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Solving Problems in Sustainable Agriculture and Food Safety: Helping Future Agricultural Professionals Learn to Solve Complicated Multi-disciplinary Problems

Investigators
Danielson, Jared A; Bender, Holly S; VanDerZanden, Ann Marie; Young, Karen; DiTerlizzi, Roberta; Shoemaker, Candice A; Dewell, Grant A; Ogilvie, Craig A; Ostojic, Jelena; Boysen, Pete; Schmidt, Allen; Dewell, Renee D
Institutions
University of Iowa
Start date
2010
End date
2014
Objective

The target objectives of the project are the following:

1. Improve agriculture students' ability to solve complex, multi-disciplinary problems by having students work on cases that integrate ideas and information from multiple areas.

2. Implement a proven computer based approach to teaching students how to solve multi-disciplinary problems using Iowa State University's open-source ThinkSpace tool at three veterinary programs and two horticulture programs at four U.S. universities.

3. Build and support a community of educators at the five target academic programs. Provide effective technical support, learning cases and/or case development support, and faculty development.

4. Produce at least 20 multi-disciplinary cases that will work using the open-source, online delivery tool ThinkSpace, and that will be freely available to all who wish to use them.

The direct impact of this project will be to increase the ability of graduates of veterinary and horticulture programs at Iowa State University, the University of Pennsylvania, the University of Wisconsin - Madison, and Kansas State University to solve multidisciplinary challenges that threaten the safety of America's food supply (priority area e), and/or undermine the country's ability to develop and maintain sustainable crop and animal production (priority area c). The developed cases can be used by any program anywhere, hence the overall impact is likely to extend beyond the participating universities. The first year activities will include the open-source release of ThinkSpace, case authoring, building collaborative relationships, planning for implementation in individual programs, and establishing the on-line support framework. We will also collect baseline data regarding student readiness to solve complex interdisciplinary agricultural problems. The second year will be the pilot implementation of the project. All identified programs will incorporate cases into one or more courses in the program. We will also collect data on student performance. The third year will mark the second full year of implementation of the project in multiple programs, with data again collected during that period. During the third year, we will analyze the student performance and prepare the project for broader dissemination.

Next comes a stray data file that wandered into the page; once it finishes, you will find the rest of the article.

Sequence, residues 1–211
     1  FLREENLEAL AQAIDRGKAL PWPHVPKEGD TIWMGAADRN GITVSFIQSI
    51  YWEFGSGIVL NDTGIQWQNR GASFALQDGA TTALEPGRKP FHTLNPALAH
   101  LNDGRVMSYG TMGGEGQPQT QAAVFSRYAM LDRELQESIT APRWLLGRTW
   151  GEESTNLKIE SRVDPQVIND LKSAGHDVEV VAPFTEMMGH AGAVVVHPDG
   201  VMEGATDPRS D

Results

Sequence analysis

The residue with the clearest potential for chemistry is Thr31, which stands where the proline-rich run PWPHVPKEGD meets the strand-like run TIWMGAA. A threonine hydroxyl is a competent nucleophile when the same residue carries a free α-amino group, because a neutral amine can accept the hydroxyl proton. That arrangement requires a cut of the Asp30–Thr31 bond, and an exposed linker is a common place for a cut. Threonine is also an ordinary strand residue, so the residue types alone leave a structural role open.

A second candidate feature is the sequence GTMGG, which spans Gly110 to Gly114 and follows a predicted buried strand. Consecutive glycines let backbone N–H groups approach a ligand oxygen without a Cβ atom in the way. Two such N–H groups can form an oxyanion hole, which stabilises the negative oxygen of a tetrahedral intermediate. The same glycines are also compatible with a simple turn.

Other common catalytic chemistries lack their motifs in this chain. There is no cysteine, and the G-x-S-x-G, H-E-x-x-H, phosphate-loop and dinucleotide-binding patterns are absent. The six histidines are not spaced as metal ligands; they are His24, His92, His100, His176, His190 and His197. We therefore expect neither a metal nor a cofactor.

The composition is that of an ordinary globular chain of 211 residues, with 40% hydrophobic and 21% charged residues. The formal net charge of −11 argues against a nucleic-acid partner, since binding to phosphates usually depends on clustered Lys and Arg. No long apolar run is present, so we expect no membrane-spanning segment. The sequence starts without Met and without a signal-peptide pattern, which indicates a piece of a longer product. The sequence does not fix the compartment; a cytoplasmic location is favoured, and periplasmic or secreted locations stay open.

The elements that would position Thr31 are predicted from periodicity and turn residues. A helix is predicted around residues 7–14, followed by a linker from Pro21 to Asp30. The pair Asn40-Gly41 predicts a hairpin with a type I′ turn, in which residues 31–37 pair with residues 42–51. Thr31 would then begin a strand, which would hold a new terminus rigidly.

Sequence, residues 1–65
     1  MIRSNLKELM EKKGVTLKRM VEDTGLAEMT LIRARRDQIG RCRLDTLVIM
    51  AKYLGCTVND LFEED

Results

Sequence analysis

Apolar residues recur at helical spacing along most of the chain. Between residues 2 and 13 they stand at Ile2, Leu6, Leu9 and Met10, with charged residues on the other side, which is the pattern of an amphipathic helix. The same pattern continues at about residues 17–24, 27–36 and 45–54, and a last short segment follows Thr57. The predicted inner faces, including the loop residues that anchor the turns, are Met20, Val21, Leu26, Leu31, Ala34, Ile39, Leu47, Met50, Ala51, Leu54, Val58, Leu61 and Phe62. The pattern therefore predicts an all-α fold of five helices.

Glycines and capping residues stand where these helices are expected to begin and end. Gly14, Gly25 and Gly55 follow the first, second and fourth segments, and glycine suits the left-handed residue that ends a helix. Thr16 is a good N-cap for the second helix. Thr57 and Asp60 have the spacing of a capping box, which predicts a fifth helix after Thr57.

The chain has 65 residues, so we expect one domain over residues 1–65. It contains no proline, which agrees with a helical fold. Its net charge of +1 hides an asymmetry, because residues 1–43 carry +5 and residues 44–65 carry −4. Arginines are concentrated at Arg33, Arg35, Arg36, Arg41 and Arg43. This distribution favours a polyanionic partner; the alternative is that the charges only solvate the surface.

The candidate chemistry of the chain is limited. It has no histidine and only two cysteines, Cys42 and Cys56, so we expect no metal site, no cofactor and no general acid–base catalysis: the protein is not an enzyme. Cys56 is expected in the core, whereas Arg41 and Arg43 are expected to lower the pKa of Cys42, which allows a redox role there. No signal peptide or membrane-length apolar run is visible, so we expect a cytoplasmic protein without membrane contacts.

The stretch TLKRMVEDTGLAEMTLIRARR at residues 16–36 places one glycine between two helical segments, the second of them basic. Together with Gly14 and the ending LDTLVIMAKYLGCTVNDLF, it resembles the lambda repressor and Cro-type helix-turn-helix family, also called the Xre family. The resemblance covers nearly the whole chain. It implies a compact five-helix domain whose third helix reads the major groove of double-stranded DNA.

More information

NON-TECHNICAL SUMMARY:
Very frequently, problems involving food safety and sustainable agriculture require the perspectives of multiple disciplines to be solved effectively. Currently, however, graduates of programs in agriculture-related disciplines struggle to integrate information when attempting to address problems that cut across relevant disciplines or sub-areas of one discipline. Thus far, educational programs have not successfully addressed this problem. It is not enough simply to expose students to a variety of disciplines; the National Research Council recommends that students must work on complex, multidisciplinary tasks that give them a chance to develop these skills (2009). This project will provide faculty members with a case delivery tool and relevant multidisciplinary cases to use for addressing this problem in their courses. Experts from a variety of fields related to food safety and sustainable agriculture will come together to create a number of multi-disciplinary cases that will be freely available to anyone, and usable through Iowa State University's free open source "ThinkSpace" software tool. During this project, the participating experts will author cases, make them available, and implement them in three veterinary programs and two horticulture programs at four universities (Iowa State, the University of Pennsylvania, The University of Wisconsin-Madison, and Kansas State University.) As a result of this project, high quality course materials will become widely available, more faculty will be prepared to use those materials, and more agriculture and veterinary students will graduate who are equipped to effectively handle complex multidisciplinary problems related to food safety and sustainable agriculture.

APPROACH: